Raising objections to LG&E rate increase request – By Sarah Lynn-Cunningham and Tim Darst
Utilities across the nation, including the Louisville Gas & Electric Co., are trying to raise their meter fees — the monthly sums all customers must pay, whether we use a little or a lot of power or natural gas.
LG&E seeks the Kentucky Public Service Commission’s permission to raise and restructure its rates, by shifting more of its costs to meter fees for gas and electricity and (presumably temporarily) lowering slightly its rates for each kilowatt-hour of power used.
If approved, all residential customers would have to pay $37 every month before ever turning on a light, cooking a meal or heating water for a shower.
We have the following objections:
•Economic injustice: While customers can conserve their use of gas and electricity, they cannot control meter fees. Lower-income households especially would be hurt by $37/month.
Utilities have long been allowed to pass some of their fixed costs to ratepayers through meter fees. However, those costs haven’t changed so radically since 2009 as to justify what would be a 200 percent hike in LG&E’s gas meter fee, much less a 360 percent jump in its electric meter fee.
•Undermining energy efficiency: Raising meter fees and lowering usage fees would cut the savings customers earn by investing in energy efficiency measures to lower their bills. When calculating the payback and return on investment, say, on insulating an attic or buying a more efficient furnace, customers rightly count only savings in usage costs.
•Retarding renewables: Customers who install solar panels for electricity or hot water would see the return on their investments diminish and payback periods, lengthened, because solar customers without back-up batteries still pay meter fees.
Some utilities have claimed that rate restructuring is necessary to protect customers without solar panels from subsidizing customers with panels. In reality, “solar customers” send excess power into the utilities’ grids during the day when overall customer demand is high, and draw power when overall demand is low. Thus, solar customers help to level demand, helping utilities to operate more efficiently and cost effectively.
•The Clean Air Act: The U.S. Supreme Court has ruled three times that the EPA must apply the Clean Air Act to the carbon pollution that causes climate change. New, game-changing regulations soon will require Kentucky to make big cuts in power-plant emissions.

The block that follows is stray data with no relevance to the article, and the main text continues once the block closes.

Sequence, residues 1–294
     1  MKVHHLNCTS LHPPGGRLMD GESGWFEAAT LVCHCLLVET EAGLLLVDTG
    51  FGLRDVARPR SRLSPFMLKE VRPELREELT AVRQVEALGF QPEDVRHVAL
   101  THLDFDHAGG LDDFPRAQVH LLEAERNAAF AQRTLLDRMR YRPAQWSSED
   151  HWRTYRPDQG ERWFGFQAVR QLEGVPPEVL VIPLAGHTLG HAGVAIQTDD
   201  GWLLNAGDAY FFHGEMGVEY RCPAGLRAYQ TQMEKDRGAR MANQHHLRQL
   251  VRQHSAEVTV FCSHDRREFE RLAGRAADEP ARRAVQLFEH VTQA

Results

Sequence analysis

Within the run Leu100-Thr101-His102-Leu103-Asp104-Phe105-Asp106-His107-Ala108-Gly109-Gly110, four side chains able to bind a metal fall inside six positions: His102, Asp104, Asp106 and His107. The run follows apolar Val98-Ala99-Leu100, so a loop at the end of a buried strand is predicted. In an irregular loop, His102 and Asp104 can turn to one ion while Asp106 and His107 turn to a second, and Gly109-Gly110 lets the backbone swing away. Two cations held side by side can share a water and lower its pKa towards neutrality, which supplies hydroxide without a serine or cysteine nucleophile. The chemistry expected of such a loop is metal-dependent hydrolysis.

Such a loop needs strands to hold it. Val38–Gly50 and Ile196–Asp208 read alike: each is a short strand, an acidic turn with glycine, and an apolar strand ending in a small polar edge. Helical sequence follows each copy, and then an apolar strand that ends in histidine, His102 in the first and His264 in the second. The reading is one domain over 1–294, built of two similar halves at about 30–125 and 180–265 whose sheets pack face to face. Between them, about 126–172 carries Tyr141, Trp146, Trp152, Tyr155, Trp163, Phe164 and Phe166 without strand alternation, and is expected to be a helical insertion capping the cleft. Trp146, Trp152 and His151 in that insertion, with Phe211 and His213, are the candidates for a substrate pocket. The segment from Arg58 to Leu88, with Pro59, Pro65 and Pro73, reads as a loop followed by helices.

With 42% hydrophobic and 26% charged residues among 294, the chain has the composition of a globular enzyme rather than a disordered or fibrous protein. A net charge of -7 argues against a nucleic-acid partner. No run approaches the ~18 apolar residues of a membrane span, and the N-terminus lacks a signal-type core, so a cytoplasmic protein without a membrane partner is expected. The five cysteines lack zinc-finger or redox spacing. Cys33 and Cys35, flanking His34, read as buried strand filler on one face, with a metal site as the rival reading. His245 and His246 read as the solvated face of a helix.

Energy efficiency and renewable energy sources are our cheapest, cleanest and fastest options for meeting those requirements. Beyond a more stable climate, they offer lasting economic benefits. Utility bills would be lower, and thousands of jobs would be created throughout the state.
The health benefits of reduced air pollution cannot be overstated. Louisville and Lexington have some of the worst air among the 100 largest U.S. cities, according to the Brookings Institute, chiefly due to our power plants. A Harvard University study showed that states with our reliance on coal had higher mortality rates from air pollution.
The last thing the Public Service Commission should do is allow rate restructuring that undercuts the business case for energy efficiency and renewables.
•Monopoly over-reach: LG&E is a “natural monopoly,” authorized to provide essential services where market mechanisms would be impractical. Instead of multiple utilities each laying power and gas lines, the government authorizes one utility to operate a monopoly, albeit with added regulation to protect consumers. But the concept wasn’t intended to allow utilities to protect themselves from alternative technologies, such as energy efficiency and solar rooftops, as would this rate restructuring.
In short, restructuring seems much more about ensuring a monopoly’s profits than about fairness toward customers, much less about working toward a cleaner, healthier and more sustainable Kentucky.
The Public Service Commission will rule on LG&E’s request next week. Kentucky’s attorney general is charged with representing residential customers in PSC proceedings. They need to hear from consumers. Please visit www.louisvillecan.orgtoday for links to the PSC and OAG websites’ comment forms.
Sarah Lynn Cunningham is director of the Louisville Climate Action Network, which consists of 28 businesses, community groups, religious organizations and educational institutions — including Kentucky Interfaith Power & Light — plus hundreds of individual Kentuckians. KIPL, whose director is Tim Darst, is a collection of individuals and faith communities from diverse traditions who believe that we have a personal responsibility to care for the planet and its people.
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